How Asking Three Questions Got Me Around the Globe...Just On Time

How Asking Three Questions Got Me Around the Globe...Just On Time

Last Friday I was in Kigali, Rwanda where I led a day-long negotiation workshop for local professionals.

It was an amazing trip, and I almost didn't make it.

Here's what happened.

My departing flight was delayed by two hours. The airline booked me on a connecting flight that would have had me arriving LATE Friday afternoon. I would have missed the entire workshop.


After five months of careful planning and coordinating with the hosting team in Rwanda, I couldn't let this happen. I couldn't let me miss the workshop.

Push had come to shove. It was time to negotiate.

Asking three key questions got me around the globe just on time. You too can ask these questions to make change happen in sticky situations.

1. What if nothing has gone wrong, and there's another option I just don't know yet?

First, I approached the ticketing agent at the check-in counter.

Intentionally, I chose a calm and neutral, but firm tone of voice. Why? Because it was 100% possible nothing had gone wrong, and the agent was my key to a solution I just didn't know yet. I made eye contact and did not beg, blame, or blow up.

"Hi, my name is Jamie, and I really wish you can help me...I must arrive at Kigali by no later than Friday morning to attend an important business meeting. What other option do I have?"

There was nothing he could do, the agent said. He gave me a customer service number to call.

Okay. Breathe.

One step closer to the solution. Luckily, I had plenty of time before the departure. Nothing had gone wrong.

When I called customer service, however, the rep said I should talk to the ticketing agent.

Instead of getting furious, I got curious, "That's interesting, because the ticketing agent told me YOU would be able to help me. What's gone wrong here?"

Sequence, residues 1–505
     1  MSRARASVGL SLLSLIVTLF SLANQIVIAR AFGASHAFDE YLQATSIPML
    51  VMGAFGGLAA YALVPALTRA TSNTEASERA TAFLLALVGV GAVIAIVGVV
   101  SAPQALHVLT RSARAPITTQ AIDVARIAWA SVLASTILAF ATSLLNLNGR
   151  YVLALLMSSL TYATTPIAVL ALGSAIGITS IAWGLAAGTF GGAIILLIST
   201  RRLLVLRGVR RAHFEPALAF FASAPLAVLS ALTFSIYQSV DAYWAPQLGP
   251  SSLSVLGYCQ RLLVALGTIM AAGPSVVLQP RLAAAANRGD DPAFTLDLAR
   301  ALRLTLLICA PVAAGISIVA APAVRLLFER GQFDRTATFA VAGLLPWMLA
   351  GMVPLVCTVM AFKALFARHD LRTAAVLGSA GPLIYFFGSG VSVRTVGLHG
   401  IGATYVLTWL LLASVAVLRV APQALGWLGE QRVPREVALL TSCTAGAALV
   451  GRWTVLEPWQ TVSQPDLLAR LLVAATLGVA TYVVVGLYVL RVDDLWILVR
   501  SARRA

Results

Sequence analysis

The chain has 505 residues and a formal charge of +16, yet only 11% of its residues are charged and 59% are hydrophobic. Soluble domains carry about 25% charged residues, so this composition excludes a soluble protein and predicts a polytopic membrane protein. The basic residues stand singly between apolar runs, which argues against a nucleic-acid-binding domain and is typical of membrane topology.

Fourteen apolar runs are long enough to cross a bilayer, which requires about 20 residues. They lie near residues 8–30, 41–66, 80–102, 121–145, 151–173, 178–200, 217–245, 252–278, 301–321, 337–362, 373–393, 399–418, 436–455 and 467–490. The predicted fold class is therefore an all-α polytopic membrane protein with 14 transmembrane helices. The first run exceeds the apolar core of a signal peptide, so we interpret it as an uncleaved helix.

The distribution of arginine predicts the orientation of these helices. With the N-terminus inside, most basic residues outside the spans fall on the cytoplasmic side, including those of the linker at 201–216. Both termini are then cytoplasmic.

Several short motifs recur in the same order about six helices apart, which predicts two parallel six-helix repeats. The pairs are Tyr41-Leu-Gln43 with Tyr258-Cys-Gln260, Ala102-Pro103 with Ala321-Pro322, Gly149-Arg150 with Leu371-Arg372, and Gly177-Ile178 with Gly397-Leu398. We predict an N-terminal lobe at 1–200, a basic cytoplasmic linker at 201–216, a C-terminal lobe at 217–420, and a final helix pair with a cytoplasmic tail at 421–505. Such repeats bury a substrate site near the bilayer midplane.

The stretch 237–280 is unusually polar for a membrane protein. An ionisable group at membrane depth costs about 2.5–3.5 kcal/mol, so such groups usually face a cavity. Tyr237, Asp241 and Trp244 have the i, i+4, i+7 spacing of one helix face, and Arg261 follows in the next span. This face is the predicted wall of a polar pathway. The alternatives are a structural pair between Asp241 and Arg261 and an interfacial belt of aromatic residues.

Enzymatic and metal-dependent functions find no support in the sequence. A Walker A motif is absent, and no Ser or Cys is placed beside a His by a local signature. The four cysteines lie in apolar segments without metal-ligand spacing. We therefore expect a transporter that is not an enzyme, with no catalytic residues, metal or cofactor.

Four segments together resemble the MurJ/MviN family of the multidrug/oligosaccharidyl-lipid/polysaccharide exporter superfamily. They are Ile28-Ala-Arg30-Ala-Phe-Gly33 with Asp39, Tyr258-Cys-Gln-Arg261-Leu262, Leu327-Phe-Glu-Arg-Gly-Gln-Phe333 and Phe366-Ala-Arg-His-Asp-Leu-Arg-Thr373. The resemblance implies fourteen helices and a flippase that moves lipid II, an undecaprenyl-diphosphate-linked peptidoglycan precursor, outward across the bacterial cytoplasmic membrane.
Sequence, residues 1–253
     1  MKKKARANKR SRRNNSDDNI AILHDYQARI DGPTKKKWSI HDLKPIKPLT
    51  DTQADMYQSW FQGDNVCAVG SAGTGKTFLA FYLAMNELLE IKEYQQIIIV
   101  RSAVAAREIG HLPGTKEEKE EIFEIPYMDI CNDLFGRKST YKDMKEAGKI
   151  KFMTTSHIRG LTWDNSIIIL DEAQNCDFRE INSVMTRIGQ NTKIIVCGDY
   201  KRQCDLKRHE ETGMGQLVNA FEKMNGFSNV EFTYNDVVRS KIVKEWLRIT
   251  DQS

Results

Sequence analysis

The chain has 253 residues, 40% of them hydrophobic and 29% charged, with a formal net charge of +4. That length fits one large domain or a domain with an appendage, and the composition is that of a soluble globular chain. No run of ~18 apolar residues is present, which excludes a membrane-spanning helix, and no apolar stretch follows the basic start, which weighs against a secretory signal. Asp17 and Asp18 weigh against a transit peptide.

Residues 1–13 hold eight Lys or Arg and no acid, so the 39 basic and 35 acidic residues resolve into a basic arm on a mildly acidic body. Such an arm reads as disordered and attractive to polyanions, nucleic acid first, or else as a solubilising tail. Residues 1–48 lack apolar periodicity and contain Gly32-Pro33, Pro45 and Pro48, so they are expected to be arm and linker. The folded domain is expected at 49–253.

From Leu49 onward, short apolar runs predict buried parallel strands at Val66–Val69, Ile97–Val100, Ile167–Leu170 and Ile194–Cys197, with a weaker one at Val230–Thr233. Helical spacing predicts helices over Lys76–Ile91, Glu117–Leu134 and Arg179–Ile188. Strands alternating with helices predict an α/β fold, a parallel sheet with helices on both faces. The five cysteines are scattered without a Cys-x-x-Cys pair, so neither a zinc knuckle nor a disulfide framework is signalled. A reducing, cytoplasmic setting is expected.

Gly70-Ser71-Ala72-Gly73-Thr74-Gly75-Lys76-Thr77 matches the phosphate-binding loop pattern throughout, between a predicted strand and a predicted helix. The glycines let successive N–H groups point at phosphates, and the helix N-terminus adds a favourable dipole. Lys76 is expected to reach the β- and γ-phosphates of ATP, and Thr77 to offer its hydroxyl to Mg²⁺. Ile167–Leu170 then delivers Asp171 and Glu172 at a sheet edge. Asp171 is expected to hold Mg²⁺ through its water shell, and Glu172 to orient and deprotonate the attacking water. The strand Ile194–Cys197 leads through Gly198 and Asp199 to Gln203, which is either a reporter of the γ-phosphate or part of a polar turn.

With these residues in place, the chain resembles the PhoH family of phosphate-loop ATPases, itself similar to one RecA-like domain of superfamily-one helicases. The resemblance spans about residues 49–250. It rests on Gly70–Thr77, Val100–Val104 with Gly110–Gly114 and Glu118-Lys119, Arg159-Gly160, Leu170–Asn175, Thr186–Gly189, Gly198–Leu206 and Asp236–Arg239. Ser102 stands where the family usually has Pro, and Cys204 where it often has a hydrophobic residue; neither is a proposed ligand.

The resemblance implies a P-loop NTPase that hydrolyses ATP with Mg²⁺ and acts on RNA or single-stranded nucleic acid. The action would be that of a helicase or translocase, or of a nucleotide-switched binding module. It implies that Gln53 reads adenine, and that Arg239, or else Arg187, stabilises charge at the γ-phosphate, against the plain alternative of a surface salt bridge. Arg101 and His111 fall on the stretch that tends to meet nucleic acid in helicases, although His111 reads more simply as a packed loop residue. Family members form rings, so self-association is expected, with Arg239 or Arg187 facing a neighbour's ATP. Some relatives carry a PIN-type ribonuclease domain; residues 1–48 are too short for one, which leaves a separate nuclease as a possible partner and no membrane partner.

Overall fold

He said, "Okay, let me look into this for you." After a long pause, he reconfirmed there was no other option.

So I used a phrase that has proven to get me through and get a resolution with customer service reps:

2. "It seems there's nothing you can do to help. Is there someone else who might be able to help?"

Instead of blowing up, I calmly stated the observation and made a request.

This isn't manipulation. This is calling out the elephant in the room. This is a subtle but effective call to his duty and responsibility to help as a customer service rep.

The service rep immediately connected me to his manager (The other time when I used this, the service rep found a solution she hadn't yet thought of.)

At the end, the manager presented me with this binary choice: Either cancel the entire trip and rebook with a different airline OR take a longer but faster route, with an extra layover in Mumbai, India.

If I took the extra layover, then I'd arrive at Kigali 8am Friday morning. ONE HOUR before the scheduled workshop.

I quickly googled other flight options. But it wasn't a hard decision to make when I asked this question:

3. What's the best possible solution for everyone involved?

I thought about the amazing and talented people I so looked forward to meeting and teaching in Rwanda. I badly wanted to honor my commitment to show up to present on Friday morning.

I considered the fact that booking a new flight with a different airline would be twice as expensive (or about 4 times the average annual income of a Rwandan). The hosting team had mentioned getting the approval of the finance team took time, which was quickly running out.

Then I asked what's the worst that could happen to me? It was FEAR. Fear of yet another delay. Fear of being tired. Fear of jet lag.

I can handle fear.

Then I asked what's the best that can happen? I get there right on time. I have a great story to tell.

So I took the extra layover. Everything after departure went smoothly, including arriving at Kigali 8am on Friday morning and getting to the workshop venue RIGHT ON TIME.

Nothing had gone wrong.

People helped me.

It was the best solution for the amazing and talented people I met in Rwanda, for the hosting team, and for me.

Next time you find yourself in a sticky situation (or tempted to get mad at the customer rep), ask these three questions:

1. What if nothing has gone wrong, and there's a solution I just don't know yet?
2."It seems there's nothing you can help me. Is there someone else who might be able to help?"
3. What's the best possible solution for everyone involved?

Onwards and upwards,


P.S. Would you like some help growing your negotiation muscle, so that NO MATTER WHAT happened, you tap into the POWER inside of you to RESPOND and CREATE best possible solutions? Most people look to circumstances to generate confidence. This never works. It leaves them powerless and frustrated, because circumstances are beyond their control. I can help you develop a WINNING MINDSET that enable YOU to discover solutions to problems, negotiate in the best interest of everyone, and become the leader you know you can be. Interested? If so, I welcome you to complete this quick formand I'll be in touch.

What Holds You Back?

What Holds You Back?